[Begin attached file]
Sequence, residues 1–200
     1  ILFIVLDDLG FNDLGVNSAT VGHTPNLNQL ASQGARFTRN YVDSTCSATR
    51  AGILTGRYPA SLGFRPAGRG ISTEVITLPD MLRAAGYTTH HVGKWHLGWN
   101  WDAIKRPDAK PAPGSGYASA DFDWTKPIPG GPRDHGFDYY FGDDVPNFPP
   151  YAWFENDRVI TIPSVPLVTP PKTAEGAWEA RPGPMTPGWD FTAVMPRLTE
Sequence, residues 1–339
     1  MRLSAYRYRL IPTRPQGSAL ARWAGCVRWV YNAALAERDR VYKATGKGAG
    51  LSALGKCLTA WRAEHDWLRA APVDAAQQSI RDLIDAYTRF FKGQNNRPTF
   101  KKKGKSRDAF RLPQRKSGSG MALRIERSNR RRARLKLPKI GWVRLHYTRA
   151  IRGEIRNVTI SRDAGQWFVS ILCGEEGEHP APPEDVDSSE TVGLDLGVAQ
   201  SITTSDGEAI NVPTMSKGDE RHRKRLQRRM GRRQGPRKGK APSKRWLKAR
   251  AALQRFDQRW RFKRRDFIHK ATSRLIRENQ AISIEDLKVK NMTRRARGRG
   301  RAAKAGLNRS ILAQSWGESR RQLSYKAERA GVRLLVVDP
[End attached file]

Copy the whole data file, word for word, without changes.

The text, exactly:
Sequence, residues 1–200
     1  ILFIVLDDLG FNDLGVNSAT VGHTPNLNQL ASQGARFTRN YVDSTCSATR
    51  AGILTGRYPA SLGFRPAGRG ISTEVITLPD MLRAAGYTTH HVGKWHLGWN
   101  WDAIKRPDAK PAPGSGYASA DFDWTKPIPG GPRDHGFDYY FGDDVPNFPP
   151  YAWFENDRVI TIPSVPLVTP PKTAEGAWEA RPGPMTPGWD FTAVMPRLTE
Sequence, residues 1–339
     1  MRLSAYRYRL IPTRPQGSAL ARWAGCVRWV YNAALAERDR VYKATGKGAG
    51  LSALGKCLTA WRAEHDWLRA APVDAAQQSI RDLIDAYTRF FKGQNNRPTF
   101  KKKGKSRDAF RLPQRKSGSG MALRIERSNR RRARLKLPKI GWVRLHYTRA
   151  IRGEIRNVTI SRDAGQWFVS ILCGEEGEHP APPEDVDSSE TVGLDLGVAQ
   201  SITTSDGEAI NVPTMSKGDE RHRKRLQRRM GRRQGPRKGK APSKRWLKAR
   251  AALQRFDQRW RFKRRDFIHK ATSRLIRENQ AISIEDLKVK NMTRRARGRG
   301  RAAKAGLNRS ILAQSWGESR RQLSYKAERA GVRLLVVDP